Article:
PolitiFact’s “Lie of the Year” Nominees Left Out 2012’s Biggest Lie
-This article was originally published at Hot Air.
This week, PolitiFact came out with its list of “Lie of the Year” candidates. They include the following:
Largest tax increase: “Obamacare is . . . the largest tax increase in the history of the world.”
– Rush Limbaugh on Thursday, June 28th, 2012 in comments on his radio show
Pants on Fire
Abortion: Mitt Romney “backed a bill that outlaws all abortions, even in cases of rape and incest.”
– Barack Obama on Tuesday, July 24th, 2012 in a TV ad
Pants on Fire
Bain Capital: Mitt Romney and Bain Capital are to blame in a woman’s premature death when they closed the plant where her husband worked.
– Priorities USA Action on Tuesday, August 7th, 2012 in campaign ad
‘Likes to fire people’: When it comes to jobless workers, “Mitt Romney says he likes to fire people.”
– Jack Markell on Wednesday, September 5th, 2012 in a speech at the Democratic National Convention in Charlotte, N.C.
Deficit blame: “Over the last four years, the deficit has gone up, but 90 percent of that is as a consequence of” President George W. Bush’s policies and the recession.
– Barack Obama on Sunday, September 23rd, 2012 in an interview on CBS’ “60 Minutes”
Jeeps in China: Barack Obama “sold Chrysler to Italians who are going to build Jeeps in China” at the cost of American jobs.
– Mitt Romney on Monday, October 29th, 2012 in a television ad
Pants on Fire
In response to some missed examples of lies, Red Alert Politics came up with its own list, tweaked to be called “Liar of the Year.” Vice President Biden’s “chains” comment, David Axelrod’s defense of the Administration’s transparency over Libya, and Harry Reid’s claims about Romney’s alleged lack of taxation qualified these liberals for the dubious honor.
Earlier today, I threw my own opinion in the mix at Red Alert Politics, since I saw one egregious, influential example of a lie that PolitiFact had left out: the alleged War on Women.
…I think Adair and his staff missed the boat here. The ‘War on Women’ claim was indeed related to many policy claims. Politicus USA even provided a whole list of policy aspects of the ‘War on Women. Furthermore, the ‘War on Women’ was launched on January 20, 2012 by none other than President Obama when his Administration put out the HHS contraception/abortifacient/sterilization mandate, which is a policy. Prominent liberal pundits like Gail Collins then claimed religious opponents of the mandate were trying to force “their particular dogma on the larger public,” when in fact all the religious organizations wanted was the freedom to not engage in government-coerced action.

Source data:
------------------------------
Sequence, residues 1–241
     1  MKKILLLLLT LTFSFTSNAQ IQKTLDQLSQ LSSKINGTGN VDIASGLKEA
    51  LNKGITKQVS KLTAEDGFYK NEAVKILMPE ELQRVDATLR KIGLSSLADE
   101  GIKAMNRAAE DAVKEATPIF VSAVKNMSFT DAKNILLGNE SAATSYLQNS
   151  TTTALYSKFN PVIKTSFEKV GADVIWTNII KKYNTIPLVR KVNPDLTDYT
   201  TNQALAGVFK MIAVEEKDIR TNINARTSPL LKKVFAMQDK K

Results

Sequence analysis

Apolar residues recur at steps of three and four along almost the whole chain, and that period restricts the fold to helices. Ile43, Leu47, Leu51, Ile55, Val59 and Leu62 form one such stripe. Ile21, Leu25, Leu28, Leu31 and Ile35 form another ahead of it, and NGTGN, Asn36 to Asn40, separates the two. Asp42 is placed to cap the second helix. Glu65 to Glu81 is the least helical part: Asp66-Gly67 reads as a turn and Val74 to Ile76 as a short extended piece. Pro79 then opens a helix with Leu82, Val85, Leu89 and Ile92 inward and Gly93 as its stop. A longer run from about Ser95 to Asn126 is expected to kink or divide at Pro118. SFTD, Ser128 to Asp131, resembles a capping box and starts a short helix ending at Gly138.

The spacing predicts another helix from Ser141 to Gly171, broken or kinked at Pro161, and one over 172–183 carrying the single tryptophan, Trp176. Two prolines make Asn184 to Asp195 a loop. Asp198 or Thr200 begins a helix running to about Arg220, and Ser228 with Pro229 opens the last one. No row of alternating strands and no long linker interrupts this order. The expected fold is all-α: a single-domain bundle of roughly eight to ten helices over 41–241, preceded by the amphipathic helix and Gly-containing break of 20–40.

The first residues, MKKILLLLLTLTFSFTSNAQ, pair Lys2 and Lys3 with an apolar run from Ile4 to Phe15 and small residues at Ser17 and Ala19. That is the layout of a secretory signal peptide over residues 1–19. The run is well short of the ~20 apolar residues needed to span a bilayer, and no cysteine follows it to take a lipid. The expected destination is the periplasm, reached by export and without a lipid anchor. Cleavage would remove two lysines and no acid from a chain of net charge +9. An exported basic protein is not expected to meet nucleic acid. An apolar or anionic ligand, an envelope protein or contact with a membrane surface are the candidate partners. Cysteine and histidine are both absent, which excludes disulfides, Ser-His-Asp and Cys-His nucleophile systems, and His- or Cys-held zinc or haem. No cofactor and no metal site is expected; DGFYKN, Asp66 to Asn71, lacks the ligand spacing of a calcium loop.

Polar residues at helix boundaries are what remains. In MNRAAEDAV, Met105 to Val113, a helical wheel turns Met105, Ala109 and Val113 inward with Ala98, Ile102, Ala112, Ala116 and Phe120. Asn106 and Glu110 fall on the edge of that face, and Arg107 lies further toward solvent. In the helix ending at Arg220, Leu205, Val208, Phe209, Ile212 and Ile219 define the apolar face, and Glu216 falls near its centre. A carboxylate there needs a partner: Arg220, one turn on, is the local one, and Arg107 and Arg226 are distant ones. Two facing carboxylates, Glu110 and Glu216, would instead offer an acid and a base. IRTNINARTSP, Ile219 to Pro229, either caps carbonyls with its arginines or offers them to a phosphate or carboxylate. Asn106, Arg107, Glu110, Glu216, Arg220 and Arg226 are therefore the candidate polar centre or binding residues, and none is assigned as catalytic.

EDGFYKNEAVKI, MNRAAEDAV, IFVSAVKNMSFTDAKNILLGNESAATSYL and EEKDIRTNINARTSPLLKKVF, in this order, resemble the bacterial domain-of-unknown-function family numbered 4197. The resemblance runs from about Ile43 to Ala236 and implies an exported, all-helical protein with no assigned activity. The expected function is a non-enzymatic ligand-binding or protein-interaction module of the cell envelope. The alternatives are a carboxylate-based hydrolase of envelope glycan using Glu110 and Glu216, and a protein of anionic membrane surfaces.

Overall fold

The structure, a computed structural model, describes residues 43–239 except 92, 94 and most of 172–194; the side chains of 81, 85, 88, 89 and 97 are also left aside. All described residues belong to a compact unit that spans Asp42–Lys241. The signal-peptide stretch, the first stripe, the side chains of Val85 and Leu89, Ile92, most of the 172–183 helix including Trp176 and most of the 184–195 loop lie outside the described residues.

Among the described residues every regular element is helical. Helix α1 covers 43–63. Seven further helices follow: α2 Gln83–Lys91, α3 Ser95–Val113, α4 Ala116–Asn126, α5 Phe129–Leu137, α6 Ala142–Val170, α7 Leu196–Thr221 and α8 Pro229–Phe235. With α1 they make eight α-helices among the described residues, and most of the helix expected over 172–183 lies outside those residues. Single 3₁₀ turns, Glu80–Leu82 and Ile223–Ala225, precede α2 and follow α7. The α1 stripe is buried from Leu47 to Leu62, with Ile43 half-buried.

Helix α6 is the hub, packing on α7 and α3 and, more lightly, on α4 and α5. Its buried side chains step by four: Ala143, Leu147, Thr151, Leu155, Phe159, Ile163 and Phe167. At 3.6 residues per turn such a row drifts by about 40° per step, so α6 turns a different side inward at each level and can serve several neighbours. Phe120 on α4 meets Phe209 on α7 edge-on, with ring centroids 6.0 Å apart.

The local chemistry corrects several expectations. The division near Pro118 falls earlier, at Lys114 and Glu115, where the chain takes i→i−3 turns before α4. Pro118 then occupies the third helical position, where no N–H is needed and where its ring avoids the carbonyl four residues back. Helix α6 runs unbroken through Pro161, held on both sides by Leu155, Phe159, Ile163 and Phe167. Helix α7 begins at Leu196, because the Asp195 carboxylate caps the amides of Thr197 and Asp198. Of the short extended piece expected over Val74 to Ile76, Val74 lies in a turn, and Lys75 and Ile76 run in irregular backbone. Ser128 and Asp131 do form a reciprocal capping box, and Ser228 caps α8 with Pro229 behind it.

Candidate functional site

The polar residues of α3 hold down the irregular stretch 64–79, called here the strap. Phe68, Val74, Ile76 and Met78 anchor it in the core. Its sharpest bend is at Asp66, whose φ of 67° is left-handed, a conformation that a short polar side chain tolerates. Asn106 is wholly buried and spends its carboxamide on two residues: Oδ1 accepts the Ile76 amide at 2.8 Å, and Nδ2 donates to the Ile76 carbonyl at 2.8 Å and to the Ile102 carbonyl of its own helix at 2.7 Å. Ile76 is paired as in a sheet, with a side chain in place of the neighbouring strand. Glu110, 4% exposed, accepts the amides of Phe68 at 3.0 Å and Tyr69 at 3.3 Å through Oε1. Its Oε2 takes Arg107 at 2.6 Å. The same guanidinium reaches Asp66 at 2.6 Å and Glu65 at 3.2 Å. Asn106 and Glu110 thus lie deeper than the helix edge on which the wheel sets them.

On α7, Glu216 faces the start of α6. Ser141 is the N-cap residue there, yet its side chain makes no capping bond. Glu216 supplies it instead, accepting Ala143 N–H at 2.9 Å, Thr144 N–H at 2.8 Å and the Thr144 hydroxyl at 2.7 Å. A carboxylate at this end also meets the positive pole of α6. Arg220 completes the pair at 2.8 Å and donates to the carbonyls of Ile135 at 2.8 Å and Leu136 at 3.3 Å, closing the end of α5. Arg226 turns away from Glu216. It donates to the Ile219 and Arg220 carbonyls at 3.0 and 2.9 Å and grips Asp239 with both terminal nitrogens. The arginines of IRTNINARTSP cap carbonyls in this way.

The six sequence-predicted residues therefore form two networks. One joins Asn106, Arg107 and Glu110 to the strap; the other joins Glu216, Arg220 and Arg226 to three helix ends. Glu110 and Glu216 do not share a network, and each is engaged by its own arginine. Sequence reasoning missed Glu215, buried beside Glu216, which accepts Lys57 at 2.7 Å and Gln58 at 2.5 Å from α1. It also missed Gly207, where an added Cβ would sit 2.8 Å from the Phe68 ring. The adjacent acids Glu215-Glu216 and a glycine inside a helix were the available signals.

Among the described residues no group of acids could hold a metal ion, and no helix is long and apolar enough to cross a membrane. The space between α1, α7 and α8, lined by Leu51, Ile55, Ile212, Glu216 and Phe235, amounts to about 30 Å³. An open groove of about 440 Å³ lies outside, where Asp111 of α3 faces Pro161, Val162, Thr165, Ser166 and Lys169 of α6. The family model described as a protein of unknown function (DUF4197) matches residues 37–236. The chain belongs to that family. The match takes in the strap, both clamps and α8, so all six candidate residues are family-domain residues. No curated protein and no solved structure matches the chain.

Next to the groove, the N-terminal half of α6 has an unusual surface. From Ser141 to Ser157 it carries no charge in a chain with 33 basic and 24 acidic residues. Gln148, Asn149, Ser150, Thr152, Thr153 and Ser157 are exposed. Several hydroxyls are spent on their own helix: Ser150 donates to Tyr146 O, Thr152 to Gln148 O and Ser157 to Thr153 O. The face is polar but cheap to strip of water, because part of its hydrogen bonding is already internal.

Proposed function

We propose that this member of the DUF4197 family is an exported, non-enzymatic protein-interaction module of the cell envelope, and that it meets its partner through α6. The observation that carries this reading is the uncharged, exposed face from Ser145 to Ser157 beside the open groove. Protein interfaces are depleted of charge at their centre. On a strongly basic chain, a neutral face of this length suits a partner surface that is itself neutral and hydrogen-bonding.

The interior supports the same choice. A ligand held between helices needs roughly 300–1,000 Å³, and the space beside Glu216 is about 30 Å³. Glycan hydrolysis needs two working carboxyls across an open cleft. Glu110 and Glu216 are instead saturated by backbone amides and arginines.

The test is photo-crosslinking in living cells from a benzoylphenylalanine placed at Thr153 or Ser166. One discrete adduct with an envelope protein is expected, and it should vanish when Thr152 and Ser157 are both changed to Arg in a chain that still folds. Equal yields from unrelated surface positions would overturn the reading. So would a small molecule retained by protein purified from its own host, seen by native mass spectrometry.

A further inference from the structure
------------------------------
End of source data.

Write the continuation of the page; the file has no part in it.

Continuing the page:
The false ‘War on Women’ claim that may have done the most damage to GOP presidential nominee Mitt Romney in 2012 was Planned Parenthood’s assertion that Romney wanted to “get rid of” Planned Parenthood, when he was actually talking about federal funding for the organization. Romney was eventually forced to run an ad stating he is pro-choice, becoming possibly the first modern Republican candidate for President to run on a platform supporting abortion. He was also forced to declare in a debate that “[e]very woman in America should have access to contraceptives.”
I also pointed out how the “War” impacted two Senate races, was prominent at the Democratic National Convention, and helped give Obama a critical lift with women on November 6. Its impact will also be felt in the future if the HHS Mandate (which, again, launched the alleged “War”) is not overturned, as the nation could see the loss of one-sixth of hospital beds and many adoption centers and schools as the Catholic Church closes operations in America.
To make sure I got the whole story, I spoke with PolitiFact editor Bill Adair, who told me why the “War on Women” didn’t make the cut:
“Lie of the Year comes from statements PolitiFact has rated ‘False’ or ‘Pants on Fire.’ We rate the ‘Lie of the Year’ as the boldest statement or the statement with the biggest reach. Obviously, it’s subjective,” he said. “We didn’t do a fact-check on a statement that there was a War on Women. It was an opinion, and we don’t fact-check opinions. People used it as a sum-up of a variety of aspects of the 2012 campaigns, but it was an overall opinion, not a statement of policy fact.”
I don’t know if PolitiFact’s liberal bias was coming through here, or if the staff just dropped the ball, but I’d say the policy statements and implications were pretty significant, as was the reach. And as Paul Wilson of the Media Research Center pointed out on Twitter, the “War” was even used as a pretext to oppose a ban on sex-selective abortions that was debated in Congress.
Every year, partisans attack or defend PolitiFact for its Lie of the Year. It’s become an annual pre-Christmas tradition. This year, I’m going to join in and say that the “War on Women” should have at least made the Finals, if not been handed the dubious championship trophy.